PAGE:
Having read through the Energistics literature, I’m not so sure. I read in the prospectus that ‘the initial focus is on structured and unstructured information resources that contain explicit spatial coordinates.’ So I conclude that we are talking about ‘spatial metadata.’ But later we have, ‘the intent is to develop a standard that can be expanded over time to support additional content types, place name locations, and other segments of the energy industry.’ The Roadmap also mentions Dublin Core—a rather horizontal metadata initiative that comes out of the document community.

And I am now puzzled. Are we going to work our way from ISO 19115 to a new metadata standard for seismic? The ambiguity in the initiative’s title may be designed to produce an open ended project. But going from GIS to production data and seismic is putting the cart before the horse. Again—it is all in a name—or not!

Curiously, if the top level folks play free and lose with the nomenclature, this is not so for the lowly computer programmer. In the old days of programming, i, j, k, were automatically assigned integer status by the compiler—leading to unexpected behavior and occasional havoc. Today, professional programmers use longwinded names that summarize what is being counted, how high you can count, and maybe a notion of the variable’s scope in the program. Context, context and context is to programming what location is to real estate!

Bad naming can be the result of an expensive marketing study that has gone wrong or a last minute author’s brain fart - what shall I call this editorial for instance?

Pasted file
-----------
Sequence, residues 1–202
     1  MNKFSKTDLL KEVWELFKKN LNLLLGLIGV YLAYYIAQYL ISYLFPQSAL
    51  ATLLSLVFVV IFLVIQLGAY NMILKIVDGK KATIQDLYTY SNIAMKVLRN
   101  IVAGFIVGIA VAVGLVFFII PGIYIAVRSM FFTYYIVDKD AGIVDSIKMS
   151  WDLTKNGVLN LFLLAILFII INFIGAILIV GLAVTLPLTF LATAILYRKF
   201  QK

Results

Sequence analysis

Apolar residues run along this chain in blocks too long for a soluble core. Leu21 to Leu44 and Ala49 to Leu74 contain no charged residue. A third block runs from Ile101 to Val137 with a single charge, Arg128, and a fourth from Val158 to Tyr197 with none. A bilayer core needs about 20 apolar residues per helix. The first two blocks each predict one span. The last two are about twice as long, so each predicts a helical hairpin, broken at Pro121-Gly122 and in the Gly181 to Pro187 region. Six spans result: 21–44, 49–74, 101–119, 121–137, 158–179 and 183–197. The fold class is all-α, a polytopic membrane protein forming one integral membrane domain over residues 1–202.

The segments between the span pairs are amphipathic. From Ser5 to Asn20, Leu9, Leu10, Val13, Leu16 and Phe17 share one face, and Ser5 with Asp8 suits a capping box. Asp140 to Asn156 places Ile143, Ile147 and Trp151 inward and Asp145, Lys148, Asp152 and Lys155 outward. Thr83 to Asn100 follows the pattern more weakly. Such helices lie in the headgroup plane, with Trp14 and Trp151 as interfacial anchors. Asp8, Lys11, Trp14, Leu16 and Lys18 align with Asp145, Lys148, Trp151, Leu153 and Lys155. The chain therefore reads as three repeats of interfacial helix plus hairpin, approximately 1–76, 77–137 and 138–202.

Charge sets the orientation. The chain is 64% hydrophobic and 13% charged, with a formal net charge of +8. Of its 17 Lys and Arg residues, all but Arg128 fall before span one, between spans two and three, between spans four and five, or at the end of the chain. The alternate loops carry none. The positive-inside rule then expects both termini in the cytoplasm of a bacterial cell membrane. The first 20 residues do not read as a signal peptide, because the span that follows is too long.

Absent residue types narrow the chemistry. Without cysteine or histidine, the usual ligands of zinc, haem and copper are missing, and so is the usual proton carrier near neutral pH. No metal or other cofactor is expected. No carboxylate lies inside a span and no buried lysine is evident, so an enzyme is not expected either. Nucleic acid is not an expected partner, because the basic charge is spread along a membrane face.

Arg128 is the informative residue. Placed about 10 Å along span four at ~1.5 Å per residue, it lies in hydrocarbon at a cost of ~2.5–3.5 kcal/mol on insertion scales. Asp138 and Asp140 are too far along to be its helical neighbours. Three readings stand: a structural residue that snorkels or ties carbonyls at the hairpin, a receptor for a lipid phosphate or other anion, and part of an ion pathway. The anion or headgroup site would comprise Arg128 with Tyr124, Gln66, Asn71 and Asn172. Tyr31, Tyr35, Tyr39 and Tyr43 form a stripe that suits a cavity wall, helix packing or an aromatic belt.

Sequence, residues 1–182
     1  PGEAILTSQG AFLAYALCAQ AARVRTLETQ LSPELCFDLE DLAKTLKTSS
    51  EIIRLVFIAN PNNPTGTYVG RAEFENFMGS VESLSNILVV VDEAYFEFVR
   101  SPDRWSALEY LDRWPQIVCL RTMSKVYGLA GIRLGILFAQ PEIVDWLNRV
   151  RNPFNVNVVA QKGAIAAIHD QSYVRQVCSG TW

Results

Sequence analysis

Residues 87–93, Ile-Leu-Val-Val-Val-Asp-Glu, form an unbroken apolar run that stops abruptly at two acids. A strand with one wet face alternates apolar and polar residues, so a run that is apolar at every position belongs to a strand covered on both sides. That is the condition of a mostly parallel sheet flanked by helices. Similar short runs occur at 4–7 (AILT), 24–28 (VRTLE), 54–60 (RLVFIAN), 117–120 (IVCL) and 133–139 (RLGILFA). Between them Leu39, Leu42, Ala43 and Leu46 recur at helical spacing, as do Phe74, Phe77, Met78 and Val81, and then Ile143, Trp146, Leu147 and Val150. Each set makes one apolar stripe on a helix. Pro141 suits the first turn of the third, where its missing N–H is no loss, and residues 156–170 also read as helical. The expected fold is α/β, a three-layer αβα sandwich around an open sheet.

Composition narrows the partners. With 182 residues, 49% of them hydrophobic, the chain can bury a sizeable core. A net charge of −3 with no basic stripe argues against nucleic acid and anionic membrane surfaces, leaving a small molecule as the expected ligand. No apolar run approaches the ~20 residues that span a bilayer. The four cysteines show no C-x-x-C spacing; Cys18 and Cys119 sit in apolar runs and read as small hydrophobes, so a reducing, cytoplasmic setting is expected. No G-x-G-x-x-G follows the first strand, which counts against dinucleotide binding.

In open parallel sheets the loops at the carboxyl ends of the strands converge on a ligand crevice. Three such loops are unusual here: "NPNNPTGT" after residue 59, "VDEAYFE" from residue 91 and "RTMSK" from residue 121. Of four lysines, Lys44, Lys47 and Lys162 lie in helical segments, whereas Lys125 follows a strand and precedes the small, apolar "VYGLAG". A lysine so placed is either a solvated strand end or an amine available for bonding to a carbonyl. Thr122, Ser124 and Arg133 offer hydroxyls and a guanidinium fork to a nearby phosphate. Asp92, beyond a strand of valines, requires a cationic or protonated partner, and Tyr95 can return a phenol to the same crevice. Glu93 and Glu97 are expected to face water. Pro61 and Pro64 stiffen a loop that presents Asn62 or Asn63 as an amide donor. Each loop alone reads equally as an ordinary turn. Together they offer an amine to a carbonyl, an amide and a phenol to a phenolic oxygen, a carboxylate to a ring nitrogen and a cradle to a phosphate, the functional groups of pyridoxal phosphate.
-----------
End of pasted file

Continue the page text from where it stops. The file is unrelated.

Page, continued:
When I asked for a review copy of the new book* ‘Viral Data in SOA*’ I imagined that this was viral as in ‘viral marketing’ i.e. a good thing. Not so. The book is about the risks of bad data to the enterprise. Seemingly these are heightened with the interconnectivity that SOA brings about. The book is actually about data quality (page 3). But the title, once unpicked, holds the subliminal message that a) SOA is widely deployed (is it really?) and b) somehow bad data gets worse in an SOA environment (how is that now?).

Now to get back to the advice I got on when starting my own company. I had decided to set up a consultancy to work in data management to the French oil and gas sector and had prepared the ground with a survey and business plan. But the original company name was something of a brain fart. In my business plan I called my company ‘Données-Moi!, a bad pun on the French for data (données) and the French for ‘give’ (donner). Perhaps an English equivalent might be ‘Data R Us.’ My advisor intimated that this silliness was in poor alignment with someone of my age and general seriousness! Good advice on two counts—the bad name and the fact, unknown to me then, that age had conferred seriousness on myself. Hey, fourteen years down the road I must be really serious now!

* Viral Data in SOA, An Enterprise Pandemic, by Neal Fishman, IBM Press/Pearson, ISBN 978-0-13-700180-4.

** Services-oriented architecture.